Efforts carried out so far by members of the colonial political establishment and their largely Democratic stateside allies have centered on lobbying Congress to soften the terms of PROMESA by limiting the powers of the oversight board, expanding the possibility of restructuring, or allowing Puerto Rico recourse to Title 9 federal bankruptcy, from which it was inexplicably exempted in 1984. Senator Bernie Sanders, who is seeking the Democratic presidential nomination, has said the oversight board treats Puerto Rico “like a colony.” Sanders hopes his expressions will gain him votes in Puerto Rico’s June 5 Democratic Primary (making his words the ironic understatement of the century, given that this is a contest to select the party’s candidate to a post for which the colony’s residents cannot vote). Such gestures will do little to improve the dire prospects facing most Puerto Ricans. As the New York-based columnist Ed Morales notes, echoing the sentiments of many Puerto Ricans, “What we need is for people to say, we don’t accept the $70 billion debt until it’s properly audited.” Similarly, Puerto Rican political prisoner Oscar López, now serving his 34th year in federal prison on sedition charges, has called on Puerto Ricans to organize in refusal of any further debt repayment. They are right: legal tinkering will only buy breathing room for corrupt local colonial elite that generated the crisis in the first place.
With the needed resolve, the Puerto Rican government could halt all debt payments, refuse to recognize any court decisions to the contrary, and force a true negotiation. To do so, however, would imply confronting colonialism head on and leading Puerto Rico down a new path. If Congressional Democrats fail to deliver a kinder, gentler PROMESA before July 1, it is unlikely that Governor Alejandro García Padilla and his party, which supports the colonial status-quo, will go any further than they already have to stand up to the hedge-fund vultures. A winsome García Padilla clearly stated on May 1 his belief that the Puerto Rican people “don’t deserve” such a political crisis, because they’ve been “loyal American citizens.” Given his track record, it is no stretch of the imagination to expect that he will continue making general obligation payments while negotiating whatever relief it can with groups of creditors, until the end of his term lets him off the hook. In the face of such breathtaking absence of leadership, it is no wonder that many Puerto Ricans are welcoming the imposition of PROMESA’s oversight board. While a peculiarly unabashed imperial and authoritarian twist, it would by no means be a departure from 118 years of colonialism.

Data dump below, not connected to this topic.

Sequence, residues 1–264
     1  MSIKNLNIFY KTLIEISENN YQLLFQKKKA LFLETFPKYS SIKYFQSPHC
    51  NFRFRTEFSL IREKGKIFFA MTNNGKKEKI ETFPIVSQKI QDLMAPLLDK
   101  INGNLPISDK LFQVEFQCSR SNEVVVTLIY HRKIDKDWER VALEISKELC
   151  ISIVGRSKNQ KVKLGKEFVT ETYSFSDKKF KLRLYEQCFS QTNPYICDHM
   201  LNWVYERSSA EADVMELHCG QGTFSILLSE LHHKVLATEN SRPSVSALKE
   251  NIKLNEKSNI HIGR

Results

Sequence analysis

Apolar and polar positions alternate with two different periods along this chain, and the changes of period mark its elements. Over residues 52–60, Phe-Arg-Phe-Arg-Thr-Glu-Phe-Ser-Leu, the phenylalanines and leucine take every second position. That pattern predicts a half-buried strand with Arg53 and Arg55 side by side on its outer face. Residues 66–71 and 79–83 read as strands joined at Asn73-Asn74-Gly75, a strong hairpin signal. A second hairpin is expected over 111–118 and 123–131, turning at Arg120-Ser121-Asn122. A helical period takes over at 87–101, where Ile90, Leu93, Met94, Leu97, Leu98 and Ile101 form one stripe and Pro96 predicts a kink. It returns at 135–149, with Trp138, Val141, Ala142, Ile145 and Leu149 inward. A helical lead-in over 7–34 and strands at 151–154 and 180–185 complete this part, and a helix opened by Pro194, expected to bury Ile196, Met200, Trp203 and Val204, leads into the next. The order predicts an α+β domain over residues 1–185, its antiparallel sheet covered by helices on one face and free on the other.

One way or the other, we are witnessing the collapse of that status quo, but not necessarily for the better. A movement of the necessary magnitude and force will not coalesce immediately, as a clear consensus about the island’s political future has yet to emerge. However, it is becoming clearer than ever that there are no viable alternatives to independence, with U.S. statehood “farther away than ever,” as one pro-statehood pundit recently lamented. As living conditions continue to deteriorate on the island, and labor markets in South Florida and elsewhere become saturated, powerful social movements that have accrued over the past decade around university students, public school teachers, and communities facing displacement and environmental threats, may yet cohere as the critical mass needed to sustain urgently needed radical alternatives.